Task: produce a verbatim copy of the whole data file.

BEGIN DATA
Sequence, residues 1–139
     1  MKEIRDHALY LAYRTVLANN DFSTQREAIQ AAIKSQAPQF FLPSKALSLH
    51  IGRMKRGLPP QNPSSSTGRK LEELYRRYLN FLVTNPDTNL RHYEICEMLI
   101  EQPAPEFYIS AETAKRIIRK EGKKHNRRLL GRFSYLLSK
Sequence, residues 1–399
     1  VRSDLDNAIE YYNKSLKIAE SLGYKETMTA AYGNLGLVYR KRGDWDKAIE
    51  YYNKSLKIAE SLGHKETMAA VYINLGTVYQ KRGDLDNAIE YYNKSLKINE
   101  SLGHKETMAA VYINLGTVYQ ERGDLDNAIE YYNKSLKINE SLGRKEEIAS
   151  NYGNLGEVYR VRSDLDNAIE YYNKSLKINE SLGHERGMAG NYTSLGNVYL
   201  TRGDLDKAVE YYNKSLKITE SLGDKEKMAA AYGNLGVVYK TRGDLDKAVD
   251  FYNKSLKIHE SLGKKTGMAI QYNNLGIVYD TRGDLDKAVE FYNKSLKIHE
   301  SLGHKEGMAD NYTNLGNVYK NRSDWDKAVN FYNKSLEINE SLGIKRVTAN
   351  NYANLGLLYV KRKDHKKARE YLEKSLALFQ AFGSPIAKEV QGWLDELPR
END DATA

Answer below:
Sequence, residues 1–139
     1  MKEIRDHALY LAYRTVLANN DFSTQREAIQ AAIKSQAPQF FLPSKALSLH
    51  IGRMKRGLPP QNPSSSTGRK LEELYRRYLN FLVTNPDTNL RHYEICEMLI
   101  EQPAPEFYIS AETAKRIIRK EGKKHNRRLL GRFSYLLSK
Sequence, residues 1–399
     1  VRSDLDNAIE YYNKSLKIAE SLGYKETMTA AYGNLGLVYR KRGDWDKAIE
    51  YYNKSLKIAE SLGHKETMAA VYINLGTVYQ KRGDLDNAIE YYNKSLKINE
   101  SLGHKETMAA VYINLGTVYQ ERGDLDNAIE YYNKSLKINE SLGRKEEIAS
   151  NYGNLGEVYR VRSDLDNAIE YYNKSLKINE SLGHERGMAG NYTSLGNVYL
   201  TRGDLDKAVE YYNKSLKITE SLGDKEKMAA AYGNLGVVYK TRGDLDKAVD
   251  FYNKSLKIHE SLGKKTGMAI QYNNLGIVYD TRGDLDKAVE FYNKSLKIHE
   301  SLGHKEGMAD NYTNLGNVYK NRSDWDKAVN FYNKSLEINE SLGIKRVTAN
   351  NYANLGLLYV KRKDHKKARE YLEKSLALFQ AFGSPIAKEV QGWLDELPR